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Dr.Verhoeven released a book about wootz a little while ago. Make no mistake, they call it Damascus but they are referring to wootz (true Damascus). 

 

https://www.amazon.com/Damascus-Steel-Swords-Solving-Mystery/dp/6139884837/ref=mp_s_a_1_1?dchild=1&keywords=Verhoeven+wootz&qid=1634069431&sr=8-1

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Thanks Joël Mercier. It was after a saw Al Pendray & Dr. Verhoeven documentary about wootz Damascus steel I star my research I’m intrigue with this process. I remember seeing the steel in the Arms and armour national museum of New Delhi India. Many years ago. I thought it was just forge welding Damascus. 
One thing I don’t understand is why does the bladesmith community doesn’t work with wootz knowing it is the best steel for blades. 

 

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4 minutes ago, Matias Brustle said:

why does the bladesmith community doesn’t work with wootz knowing it is the best steel for blades. 

It isn't.  Modern steel is definitely superior.  Wootz is difficult to make and work, but looks nice.  It was better than other "steels" centuries ago.  What we refer to as damascus now is much easier, and often has a look that pops a bit more, as well as being able to control the patterns very well.  

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Jerrod Miller I’m not a expert in the matter. 
I humbly ask you to explain me why in my research about steel used for blades or sword the metallurgical said that wootz and tamahagane are the best. 
like I said I’m not a expert. But putting apart the fact that the wootz and tamahagane are extremely difficult to make and work with. Can you explain your point about modern steels are superior for blades. 
thanks for your time an help

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13 hours ago, Matias Brustle said:

Jerrod Miller I’m not a expert in the matter.

 

But Jerrod is. Seriously. Pay careful attention to any advice or comment he might offer.

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14 hours ago, Matias Brustle said:

why in my research about steel used for blades or sword the metallurgical said that wootz and tamahagane are the best. 

 

They were the best, for certain very specific uses, prior to 1760.  Wootz in particular has some interesting properties, but it is not inherently superior to any modern homogeneous blade steel.  Read that thread Jerrod linked, it will reveal much.  Jerrod is, by the way, a professional metallurgist.

 

Tamahagane is just steel.  Nothing special about it, it's just cleaner than most bloomery-derived steels of the same time period due to the extensive processing of the bloom. It does show a pretty microstructure when polished properly, but it's basically fancy axle shaft steel.  It can't cut machine gun barrels with no damage.  It does have a lot of aesthetic and cultural significance, but any modern blade steel will easily outperform it as a cutting tool. As an artistic medium for hamon, not so much, but in terms of performance, very much so.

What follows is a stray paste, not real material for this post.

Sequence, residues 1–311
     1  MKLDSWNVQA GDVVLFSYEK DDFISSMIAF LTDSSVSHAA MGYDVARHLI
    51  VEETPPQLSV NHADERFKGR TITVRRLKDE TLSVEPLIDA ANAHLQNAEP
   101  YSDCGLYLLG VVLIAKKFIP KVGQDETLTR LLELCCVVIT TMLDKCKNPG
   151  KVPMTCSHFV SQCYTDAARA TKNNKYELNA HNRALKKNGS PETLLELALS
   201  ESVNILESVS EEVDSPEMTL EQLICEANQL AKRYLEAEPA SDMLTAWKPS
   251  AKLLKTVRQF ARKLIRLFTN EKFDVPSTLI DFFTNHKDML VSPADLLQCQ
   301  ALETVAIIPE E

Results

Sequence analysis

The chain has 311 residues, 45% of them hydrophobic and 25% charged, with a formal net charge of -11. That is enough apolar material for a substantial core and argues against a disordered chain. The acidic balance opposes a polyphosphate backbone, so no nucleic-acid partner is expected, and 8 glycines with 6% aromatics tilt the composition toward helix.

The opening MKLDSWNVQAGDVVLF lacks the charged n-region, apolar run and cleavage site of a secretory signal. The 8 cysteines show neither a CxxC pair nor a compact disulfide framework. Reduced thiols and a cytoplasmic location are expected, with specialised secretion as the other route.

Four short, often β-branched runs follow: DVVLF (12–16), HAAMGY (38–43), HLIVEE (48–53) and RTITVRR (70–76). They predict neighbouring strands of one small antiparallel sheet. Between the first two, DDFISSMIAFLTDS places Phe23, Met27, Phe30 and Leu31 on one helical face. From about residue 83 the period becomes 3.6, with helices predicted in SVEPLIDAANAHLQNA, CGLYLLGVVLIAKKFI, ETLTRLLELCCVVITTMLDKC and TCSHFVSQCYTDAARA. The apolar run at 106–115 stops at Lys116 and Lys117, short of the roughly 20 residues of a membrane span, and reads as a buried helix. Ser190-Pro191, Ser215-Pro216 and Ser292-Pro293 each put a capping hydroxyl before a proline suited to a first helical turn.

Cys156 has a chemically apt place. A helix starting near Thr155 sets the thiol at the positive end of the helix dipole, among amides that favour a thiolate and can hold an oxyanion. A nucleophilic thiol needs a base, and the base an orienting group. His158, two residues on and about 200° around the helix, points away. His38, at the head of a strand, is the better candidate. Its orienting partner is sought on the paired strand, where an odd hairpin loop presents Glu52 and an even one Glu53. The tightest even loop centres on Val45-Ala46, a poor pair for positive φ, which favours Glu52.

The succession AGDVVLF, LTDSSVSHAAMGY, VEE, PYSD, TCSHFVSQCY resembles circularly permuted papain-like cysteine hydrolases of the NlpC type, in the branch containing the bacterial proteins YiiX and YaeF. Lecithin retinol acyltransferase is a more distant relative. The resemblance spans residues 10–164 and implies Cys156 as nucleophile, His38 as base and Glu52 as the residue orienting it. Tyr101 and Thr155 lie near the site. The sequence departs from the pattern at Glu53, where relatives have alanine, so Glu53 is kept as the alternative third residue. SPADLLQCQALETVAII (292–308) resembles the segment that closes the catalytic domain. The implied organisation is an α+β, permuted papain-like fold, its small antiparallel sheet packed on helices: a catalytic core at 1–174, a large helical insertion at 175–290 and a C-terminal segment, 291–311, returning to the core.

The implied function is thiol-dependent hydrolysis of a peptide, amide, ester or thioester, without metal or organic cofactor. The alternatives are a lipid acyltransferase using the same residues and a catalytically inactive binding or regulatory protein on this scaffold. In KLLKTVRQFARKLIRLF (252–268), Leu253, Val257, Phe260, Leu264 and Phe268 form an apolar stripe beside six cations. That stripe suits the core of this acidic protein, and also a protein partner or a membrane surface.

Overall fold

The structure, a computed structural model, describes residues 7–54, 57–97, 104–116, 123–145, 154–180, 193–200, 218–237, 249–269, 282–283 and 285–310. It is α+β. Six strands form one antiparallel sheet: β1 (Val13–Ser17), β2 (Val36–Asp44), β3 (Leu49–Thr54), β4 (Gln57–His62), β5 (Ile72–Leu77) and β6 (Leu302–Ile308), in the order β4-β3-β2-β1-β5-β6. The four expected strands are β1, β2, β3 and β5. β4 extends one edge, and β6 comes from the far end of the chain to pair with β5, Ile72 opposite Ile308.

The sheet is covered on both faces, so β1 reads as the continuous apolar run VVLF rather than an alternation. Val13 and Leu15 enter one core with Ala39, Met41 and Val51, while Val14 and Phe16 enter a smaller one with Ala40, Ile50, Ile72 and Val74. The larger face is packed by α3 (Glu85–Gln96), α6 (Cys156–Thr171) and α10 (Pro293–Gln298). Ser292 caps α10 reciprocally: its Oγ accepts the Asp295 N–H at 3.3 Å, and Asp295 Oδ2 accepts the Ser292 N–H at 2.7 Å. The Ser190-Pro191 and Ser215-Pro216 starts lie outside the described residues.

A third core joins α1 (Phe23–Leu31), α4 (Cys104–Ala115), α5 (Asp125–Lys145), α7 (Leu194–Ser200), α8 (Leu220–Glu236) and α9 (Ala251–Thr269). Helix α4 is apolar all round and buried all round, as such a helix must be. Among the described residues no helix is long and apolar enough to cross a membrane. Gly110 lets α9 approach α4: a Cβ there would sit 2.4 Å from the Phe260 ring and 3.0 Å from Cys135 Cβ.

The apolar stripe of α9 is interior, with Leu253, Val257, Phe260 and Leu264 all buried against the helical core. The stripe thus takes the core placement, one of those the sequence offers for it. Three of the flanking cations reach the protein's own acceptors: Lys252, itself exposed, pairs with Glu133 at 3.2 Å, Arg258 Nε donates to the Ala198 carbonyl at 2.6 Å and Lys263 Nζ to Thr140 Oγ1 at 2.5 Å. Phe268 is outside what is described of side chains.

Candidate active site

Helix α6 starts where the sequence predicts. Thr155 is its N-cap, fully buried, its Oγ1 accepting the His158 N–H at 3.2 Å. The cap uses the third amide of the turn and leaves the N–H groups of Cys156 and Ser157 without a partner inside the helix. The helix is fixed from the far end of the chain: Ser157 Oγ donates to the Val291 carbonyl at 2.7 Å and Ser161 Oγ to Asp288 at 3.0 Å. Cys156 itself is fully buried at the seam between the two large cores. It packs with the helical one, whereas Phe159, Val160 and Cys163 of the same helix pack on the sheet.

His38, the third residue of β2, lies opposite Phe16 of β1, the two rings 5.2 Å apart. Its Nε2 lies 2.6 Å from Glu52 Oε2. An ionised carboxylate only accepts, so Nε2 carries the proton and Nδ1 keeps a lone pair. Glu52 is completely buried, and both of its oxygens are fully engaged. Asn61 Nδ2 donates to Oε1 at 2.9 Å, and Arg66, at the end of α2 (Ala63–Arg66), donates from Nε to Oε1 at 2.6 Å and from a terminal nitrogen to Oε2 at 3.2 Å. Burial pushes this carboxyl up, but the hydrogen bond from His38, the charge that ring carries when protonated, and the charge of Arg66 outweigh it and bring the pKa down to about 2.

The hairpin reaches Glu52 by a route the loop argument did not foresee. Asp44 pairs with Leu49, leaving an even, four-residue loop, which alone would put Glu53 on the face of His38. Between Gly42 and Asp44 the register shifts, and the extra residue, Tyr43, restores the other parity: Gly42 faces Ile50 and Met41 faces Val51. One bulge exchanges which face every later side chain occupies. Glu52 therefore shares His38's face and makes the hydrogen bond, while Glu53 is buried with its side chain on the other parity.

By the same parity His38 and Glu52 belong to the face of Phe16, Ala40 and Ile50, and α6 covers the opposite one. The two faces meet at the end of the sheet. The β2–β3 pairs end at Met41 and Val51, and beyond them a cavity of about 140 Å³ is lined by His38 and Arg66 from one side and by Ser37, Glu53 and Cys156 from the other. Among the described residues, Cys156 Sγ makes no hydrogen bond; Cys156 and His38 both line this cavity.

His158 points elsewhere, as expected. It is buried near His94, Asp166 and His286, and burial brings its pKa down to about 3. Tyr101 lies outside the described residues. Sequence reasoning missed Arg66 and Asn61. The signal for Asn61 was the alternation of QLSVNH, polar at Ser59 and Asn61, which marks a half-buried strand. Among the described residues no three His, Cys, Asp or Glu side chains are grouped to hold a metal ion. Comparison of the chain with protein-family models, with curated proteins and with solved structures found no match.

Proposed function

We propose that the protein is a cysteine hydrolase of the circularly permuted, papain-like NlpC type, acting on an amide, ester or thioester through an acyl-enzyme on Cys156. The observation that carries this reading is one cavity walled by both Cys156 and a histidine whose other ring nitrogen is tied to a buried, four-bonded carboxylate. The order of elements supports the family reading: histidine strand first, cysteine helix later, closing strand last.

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8 minutes ago, Alan Longmire said:

Tamahagane is just steel.  Nothing special about it, it's just cleaner than most bloomery-derived steels of the same time period due to the extensive processing of the bloom. 

 

I could use some education here as I may have this backwards:

 

I understood tamahagane to be the bloom that comes out of the tatara.  However, I also understood the bloom to be quite inconsistent with a wide range of carbon content ranging from very low to nearly cast iron.

 

My thinking was that the smith took the relatively poor material from the bloom and refined it at the forge to make it an an acceptable material for the application.  All of the refining (folding) creates the hada pattern, but more importantly it evens out and reduces the carbon content to a level appropriate for the swords of the day.

 

Is it tamahagane in the pig iron state, or only after the smith has cleaned it up?

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Nope, you have it right.  Tamahagane is a slippery term.  The high carbon portion of the raw bloom is the correct usage, because at that stage it looks like jewels, thus the usual translation of "jewel metal."  It's not a cast product and so never enters the "pig iron" stage, and yes, the lower carbon iron is not called tamahagane.  To break it down, tama = Round, ball, jewel-like, ha = cutting edge, gane = metal.  hagane = cutting edge metal = steel. 

 

For ease of use, it's normal to refer to traditionally produced Japanese bloomery steel as tamahagane. 

 

The difference between it and western bloomery steel is that the west tended to take the bloom all the way to low carbon iron, refine that to bar stock, add carbon via cementation (making blister steel), then refine those bars into high carbon steel barstock (shear steel).  The amount of refining is often less than that for tamahagane, so you see more slag in the finished product of the lower grades of that steel. For the higher grades there is no discernable difference between the two, it's just that the Japanese way of polishing to reveal hada was not done.  If you do subject a high-end western shear steel (or natural bloom steel!) blade to that process, you will see hamon and hada.  Note this also works for steel made by decarburizing cast iron in a finery forge or by puddling iron. The steels derived from cast iron tend to have higher manganese levels, and so don't always show as much hamon.  

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OK, so strictly speaking, the bloom from the tatara contains tamahagane as well as a lot of other material.  Every time I see a documentary showing the old guy running the traditional tatara in Japan, I come away with the impression that a relatively small percentage of the bloom is the "good stuff".  Is that correct?

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4 hours ago, Don Abbott said: